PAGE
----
We’re taught to dream of soul mates. How many songs are written about couples made for each other? The libraries are full of books about finding the person you want to be with all the time. But is this what we really want…or need? Can a close relationship become too close? Is this what they mean by codependency?
What is Codependency?
The definitions and criteria can vary widely but a codependent relationship is one that’s built upon helping each other. This may sound good at first. However, it’s a very dysfunctional form of helping. To help explain what this means, please consider some of the hallmarks of codependency:
- You willingly engage in long term, high-cost care-taking
- The more you sacrifice, the more self-esteem you feel
- You display a pattern of enabling and unhealthy helping behaviors
- You attract needy individuals, have a tendency to take responsibility for them, and thus take on problem far beyond your ability to handle
A codependent person does not set many boundaries. Therefore, their emotions are directly tied to the behavior of those in their life. This sets into a motion a dangerous cycle. The longer the cycle exists, the harder it is to recognize.
How Does Codependency Negatively Affect Relationships?
1. You feel like you cannot live without the other person
Once again, pop culture teaches us that this is a positive goal. It most definitely is not. Committed love is wonderful. Building your entire self-image around another person is dysfunctional.
2. Your partner controls you or you control your partner
This may sound obvious but control is a tricky concept. It’s so tricky that even some controllers don’t know they’re doing it. Codependency provides cover for such behavior.
3. You make excuses for your partner’s behavior
Here’s where the enabling kicks in. It may fuel addictions, abuse, or any of a wide range of antisocial behaviors. But we find ways to justify it. We play it down. We may even hide it. Our partner lies to us, but we choose to believe them since it’s easier than addressing reality.
What Can You Do About Codependency?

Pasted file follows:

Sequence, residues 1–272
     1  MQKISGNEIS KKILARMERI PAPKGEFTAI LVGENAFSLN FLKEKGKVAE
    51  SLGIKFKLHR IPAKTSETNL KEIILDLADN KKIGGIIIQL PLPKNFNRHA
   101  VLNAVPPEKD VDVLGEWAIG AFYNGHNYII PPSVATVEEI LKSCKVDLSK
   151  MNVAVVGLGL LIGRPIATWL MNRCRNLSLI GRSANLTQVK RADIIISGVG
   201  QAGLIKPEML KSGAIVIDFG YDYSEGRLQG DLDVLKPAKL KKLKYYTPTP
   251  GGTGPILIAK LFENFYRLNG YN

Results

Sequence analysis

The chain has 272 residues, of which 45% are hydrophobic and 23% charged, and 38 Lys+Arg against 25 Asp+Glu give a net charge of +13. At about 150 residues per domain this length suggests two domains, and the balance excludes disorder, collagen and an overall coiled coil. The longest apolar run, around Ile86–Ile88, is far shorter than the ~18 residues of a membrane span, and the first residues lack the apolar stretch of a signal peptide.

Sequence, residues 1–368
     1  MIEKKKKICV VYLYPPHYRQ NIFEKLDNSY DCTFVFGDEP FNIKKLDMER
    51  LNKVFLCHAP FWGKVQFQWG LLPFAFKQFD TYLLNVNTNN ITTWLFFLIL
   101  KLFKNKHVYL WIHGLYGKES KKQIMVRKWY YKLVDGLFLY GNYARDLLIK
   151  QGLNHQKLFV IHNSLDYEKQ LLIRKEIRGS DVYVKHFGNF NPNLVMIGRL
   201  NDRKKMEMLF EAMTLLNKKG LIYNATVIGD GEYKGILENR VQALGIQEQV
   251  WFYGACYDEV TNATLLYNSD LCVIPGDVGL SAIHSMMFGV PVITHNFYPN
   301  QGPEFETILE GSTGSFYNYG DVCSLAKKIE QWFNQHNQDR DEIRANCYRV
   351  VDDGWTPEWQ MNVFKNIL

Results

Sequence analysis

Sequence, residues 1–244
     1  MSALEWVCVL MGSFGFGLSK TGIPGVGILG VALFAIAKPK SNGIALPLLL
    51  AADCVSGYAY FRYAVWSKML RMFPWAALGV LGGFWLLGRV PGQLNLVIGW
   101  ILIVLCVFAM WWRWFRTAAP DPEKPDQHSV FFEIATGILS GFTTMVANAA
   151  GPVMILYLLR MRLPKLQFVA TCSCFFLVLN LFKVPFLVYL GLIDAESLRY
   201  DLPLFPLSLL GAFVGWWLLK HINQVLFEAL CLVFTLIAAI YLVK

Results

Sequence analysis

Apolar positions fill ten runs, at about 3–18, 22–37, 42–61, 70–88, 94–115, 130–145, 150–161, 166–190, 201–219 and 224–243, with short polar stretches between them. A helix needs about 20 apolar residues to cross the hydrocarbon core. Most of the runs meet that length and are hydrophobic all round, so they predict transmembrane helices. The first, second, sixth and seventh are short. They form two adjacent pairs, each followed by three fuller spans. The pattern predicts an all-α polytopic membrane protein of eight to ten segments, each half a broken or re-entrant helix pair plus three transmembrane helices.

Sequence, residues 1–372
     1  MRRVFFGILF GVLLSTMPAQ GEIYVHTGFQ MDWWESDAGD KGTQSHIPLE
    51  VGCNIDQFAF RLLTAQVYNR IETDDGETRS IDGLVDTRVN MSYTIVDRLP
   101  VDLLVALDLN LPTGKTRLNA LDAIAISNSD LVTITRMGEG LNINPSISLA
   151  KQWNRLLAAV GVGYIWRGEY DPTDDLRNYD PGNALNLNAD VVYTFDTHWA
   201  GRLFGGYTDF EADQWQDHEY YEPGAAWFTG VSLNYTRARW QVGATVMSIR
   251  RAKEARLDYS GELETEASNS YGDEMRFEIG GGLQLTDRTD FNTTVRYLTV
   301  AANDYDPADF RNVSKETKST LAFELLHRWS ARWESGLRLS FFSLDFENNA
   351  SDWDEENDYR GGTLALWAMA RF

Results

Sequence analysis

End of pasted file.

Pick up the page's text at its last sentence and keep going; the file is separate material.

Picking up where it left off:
1. Develop self-awareness
It is essential that we learn who we are as individuals. Being someone’s partner is great but it’s not who we are. Getting in touch with our core self creates space to try new behaviors. Journaling is a productive way to begin this exploration.
2. Accept that a problem exists
Codependent couples can look like the happiest, most close-knit couples from the outside. This only makes it harder to accept the need for change. Attending meetings or counseling is useful.
3. Learn more about codependency
As you may have discerned by now, codependency covers a lot of ground. It is often misunderstood. As a result, it can carry a stigma. Educate yourself and reach out to others who understand this problem.
4. Attend meetings
Find out if there are any Co-Dependents Anonymous (CoDA) meetings taking place near you. The group dynamic makes for a safe space to share and heal.
5. See a Counsellor
Find a counsellor who works with individuals and couples who can help you look at the learned patterns in relationships as well as teach you how to recognize codependent patterns and set healthy loving boundaries for greater intimacy without being codependent.
What You Can Do To Get Help with Codependency?
Codependency, by definition, is hard to recognize. It can be even harder to address without some outside help. The patterns of codependency are deeply embedded into our daily life. In many cases, we don’t want to see them and refuse to even look for them.
Working together in couples counseling is how we recognize and break such patterns. In cases of codependency, each partner often engages in individual therapy, too. With guidance, this issue can be managed and your relationship can be put back on track. You’ll create new goals and move in new directions.